It was shown by Oresković et al. that CSF formation and absorption are in balance at physiological ICPs within the isolated lateral ventricles (24). This implies that CSF is significantly absorbed inside the ventricles and not just the venous sinuses (43-45). CSF is also absorbed from the SAS to the lymphatics and this is preserved across the different species of mammals (46-51).

As demonstrated, the CSF circulation theory for the development of hydrocephalus is belied by various clinical observations and several experimental findings (52-57).

Why osmotic gradients have a role in the pathogenesis?

One of the fundamental assumptions of circulation theory is that the brain parenchyma is impermeable to CSF, and is therefore incapable of absorbing the CSF accumulating within the ventricles. However, the brain parenchyma is permeable to water (58). The molecular basis of this permeability involves specific ion channels that permit water movement with ions as well as aquaporin channels, which permit the free movement of water without changing the ionic environment (59). Aquaporin channels are membrane proteins that have an ion trap and allow movement of water without allowing movement of ions. Aquaporin 4 (AQP4) channels are found in the ependymal cells lining the lateral ventricles, and on the end feet of astrocytes. These astrocytes, in particular, contact microvessels in the periventricular white matter and the subpial region of the cerebral cortex (60). The distribution of AQP4 within the brain suggests that the aqueous content of CSF may be increased or decreased as water moves through the brain parenchyma between the ventricles and vascular system.

Since brain tissue is permeable to water, it implies that changes in the concentration of the osmotically active chemicals in the ventricular/interstitial fluid results in a change in the local osmotic gradient. Any osmotic gradient between the ventricular or interstitial CSF and the blood should be equilibrated with transport of water between the two compartments. Therefore, we will examine the role of osmotic gradients in the pathogenesis of hydrocephalus. It is well known clinically that osmotic gradients play a role in the brain tissues (excluding the ventricular space) in normal and abnormal states. For example, in brain edema, osmotic diuretics like mannitol are used intravenously to draw water away from the extracellular space of the brain. Brain swelling can result in conditions where there is hyponatremia that permits water movement into the tissues of the brain resulting in brain edema (61).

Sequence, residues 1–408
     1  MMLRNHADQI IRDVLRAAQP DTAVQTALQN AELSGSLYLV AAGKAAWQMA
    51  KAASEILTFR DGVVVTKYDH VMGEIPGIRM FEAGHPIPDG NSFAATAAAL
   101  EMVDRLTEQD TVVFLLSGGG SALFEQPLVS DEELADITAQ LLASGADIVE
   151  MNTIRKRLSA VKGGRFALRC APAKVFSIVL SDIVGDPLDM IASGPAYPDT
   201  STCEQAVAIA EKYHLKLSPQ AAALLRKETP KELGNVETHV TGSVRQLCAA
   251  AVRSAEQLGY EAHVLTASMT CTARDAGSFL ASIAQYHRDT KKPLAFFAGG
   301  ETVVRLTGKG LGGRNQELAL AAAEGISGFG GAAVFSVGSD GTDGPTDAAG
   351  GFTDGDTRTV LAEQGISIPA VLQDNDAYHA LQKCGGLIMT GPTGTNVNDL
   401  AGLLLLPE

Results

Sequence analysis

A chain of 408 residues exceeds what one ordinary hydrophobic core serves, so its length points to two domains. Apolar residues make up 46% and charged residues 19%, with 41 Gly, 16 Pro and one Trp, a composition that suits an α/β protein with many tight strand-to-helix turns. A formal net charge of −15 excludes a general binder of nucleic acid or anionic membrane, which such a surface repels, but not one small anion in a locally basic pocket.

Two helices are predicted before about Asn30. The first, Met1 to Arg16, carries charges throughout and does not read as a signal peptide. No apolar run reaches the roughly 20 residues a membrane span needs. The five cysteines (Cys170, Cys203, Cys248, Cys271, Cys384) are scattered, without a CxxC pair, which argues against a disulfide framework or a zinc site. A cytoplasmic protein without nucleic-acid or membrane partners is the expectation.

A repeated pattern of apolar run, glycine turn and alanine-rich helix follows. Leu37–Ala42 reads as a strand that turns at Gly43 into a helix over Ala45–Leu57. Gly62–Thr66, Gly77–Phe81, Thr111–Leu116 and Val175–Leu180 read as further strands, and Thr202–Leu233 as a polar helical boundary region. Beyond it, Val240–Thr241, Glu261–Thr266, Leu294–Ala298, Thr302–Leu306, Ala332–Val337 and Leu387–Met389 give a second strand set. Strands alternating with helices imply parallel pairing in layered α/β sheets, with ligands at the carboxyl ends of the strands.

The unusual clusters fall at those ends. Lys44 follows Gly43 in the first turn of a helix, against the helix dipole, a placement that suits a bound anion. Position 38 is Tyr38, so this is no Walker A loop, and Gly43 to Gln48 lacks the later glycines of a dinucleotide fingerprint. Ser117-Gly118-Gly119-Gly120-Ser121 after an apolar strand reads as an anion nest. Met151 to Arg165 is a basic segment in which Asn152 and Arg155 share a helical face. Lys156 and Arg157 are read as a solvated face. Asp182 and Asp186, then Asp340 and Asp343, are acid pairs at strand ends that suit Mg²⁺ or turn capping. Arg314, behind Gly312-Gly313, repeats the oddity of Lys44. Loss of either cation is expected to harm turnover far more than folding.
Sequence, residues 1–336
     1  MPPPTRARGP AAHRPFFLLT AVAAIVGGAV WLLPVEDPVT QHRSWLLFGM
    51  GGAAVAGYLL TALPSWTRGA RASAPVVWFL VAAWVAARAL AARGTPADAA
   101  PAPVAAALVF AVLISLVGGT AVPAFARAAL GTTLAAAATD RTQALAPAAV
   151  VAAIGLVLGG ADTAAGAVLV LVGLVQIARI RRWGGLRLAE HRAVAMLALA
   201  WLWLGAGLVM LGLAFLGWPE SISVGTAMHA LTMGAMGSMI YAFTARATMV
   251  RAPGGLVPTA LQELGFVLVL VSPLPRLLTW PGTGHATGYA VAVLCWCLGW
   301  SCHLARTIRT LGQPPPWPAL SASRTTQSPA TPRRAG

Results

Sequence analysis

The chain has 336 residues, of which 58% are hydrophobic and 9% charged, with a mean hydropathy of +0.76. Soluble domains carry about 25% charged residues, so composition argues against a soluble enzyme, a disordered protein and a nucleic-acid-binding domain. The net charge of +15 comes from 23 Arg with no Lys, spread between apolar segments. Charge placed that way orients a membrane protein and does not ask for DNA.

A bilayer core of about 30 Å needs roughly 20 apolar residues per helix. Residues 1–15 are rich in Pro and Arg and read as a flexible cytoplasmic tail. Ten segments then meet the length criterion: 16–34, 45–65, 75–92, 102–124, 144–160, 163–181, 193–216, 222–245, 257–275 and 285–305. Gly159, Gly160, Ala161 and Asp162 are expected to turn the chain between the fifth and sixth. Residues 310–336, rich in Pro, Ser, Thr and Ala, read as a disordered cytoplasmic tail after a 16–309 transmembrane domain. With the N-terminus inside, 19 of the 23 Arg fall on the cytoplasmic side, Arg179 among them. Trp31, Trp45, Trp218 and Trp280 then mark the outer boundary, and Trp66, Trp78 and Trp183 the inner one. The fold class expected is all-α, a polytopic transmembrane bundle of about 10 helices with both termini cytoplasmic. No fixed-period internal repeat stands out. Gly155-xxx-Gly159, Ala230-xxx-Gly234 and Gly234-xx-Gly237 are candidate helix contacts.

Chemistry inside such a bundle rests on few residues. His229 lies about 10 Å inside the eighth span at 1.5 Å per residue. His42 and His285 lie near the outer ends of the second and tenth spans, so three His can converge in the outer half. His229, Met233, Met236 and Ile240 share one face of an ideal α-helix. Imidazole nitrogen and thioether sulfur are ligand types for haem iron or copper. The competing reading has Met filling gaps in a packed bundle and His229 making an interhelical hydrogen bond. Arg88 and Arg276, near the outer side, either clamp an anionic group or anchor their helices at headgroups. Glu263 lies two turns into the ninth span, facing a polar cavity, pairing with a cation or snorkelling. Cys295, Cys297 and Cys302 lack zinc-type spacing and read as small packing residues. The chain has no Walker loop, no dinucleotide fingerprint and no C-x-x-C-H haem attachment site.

Proteins are large macromolecules that are not diffusible through the blood brain barrier and therefore contribute to larger osmotic content in any fluid compartment. Higher protein content in a fluid compartment will change the osmotic gradient in favor of water transport into the compartment from the blood. Clinically, high protein levels in the CSF have been detected in hydrocephalus irrespective of radiologic obstruction to the CSF pathways. Higher levels of thrombopoietin (62), ferritin (63), chondroitin sulfate proteoglycan (64) transforming growth factor beta 1 (65,66), transforming growth factor beta 2 (65), and vascular endothelial growth factor (67) have been found in ventricular CSF in patients with hydrocephalus resulting from intraventricular hemorrhage. Nerve growth factor (68) and S-100 protein (69,70) are found to be elevated in patients with hydrocephalus without intraventricular hemorrhage. In addition, elevated proteins have been found in ventricular CSF in hydrocephalus resulting from intracranial schwannomas (71), a few cases of spinal schwannomas (72,73), and in about 4% of patients with Guillain-Barre’ syndrome (74,75). In a review of potential biomarkers for chronic hydrocephalus, Tarnaris et al. concluded that tumor necrosis factor, tau protein, lactate, sulfatide and neurofilament triple protein are elevated in chronic hydrocephalus to make them the most promising CSF markers (76). In addition to proteins, increased levels of lactate (76,77) and lactic dehydrogenase (LDH) (78) have been found in hydrocephalus. Increased levels of ions (calcium, magnesium and phosphate) found in congenital hydrocephalus correlated with elevated protein levels (79). Several of these changes in the composition of CSF in hydrocephalus were summarized in a review article by Del Bigio (80).

The importance of the role played by excess macromolecules in the ventricles in hydrocephalus is strengthened by the relief of hydrocephalus in situations that decrease the amount of macromolecules in the CSF. Decreasing levels of protein and blood products with removal of CSF through an Ommaya ventricular reservoir is associated with resolution of hydrocephalus in about 17% of neonates with intraventricular hemorrhage (81,82). The elimination of blood and blood products decreases the incidence of hydrocephalus due to aneurysmal subarachnoid hemorrhage (83). The elimination of macromolecules results in the relief of hydrocephalus, which may be explained by the decrease in the osmotic load and the reduction of the macromolecules’ biological effect on the brain and CSF secretion.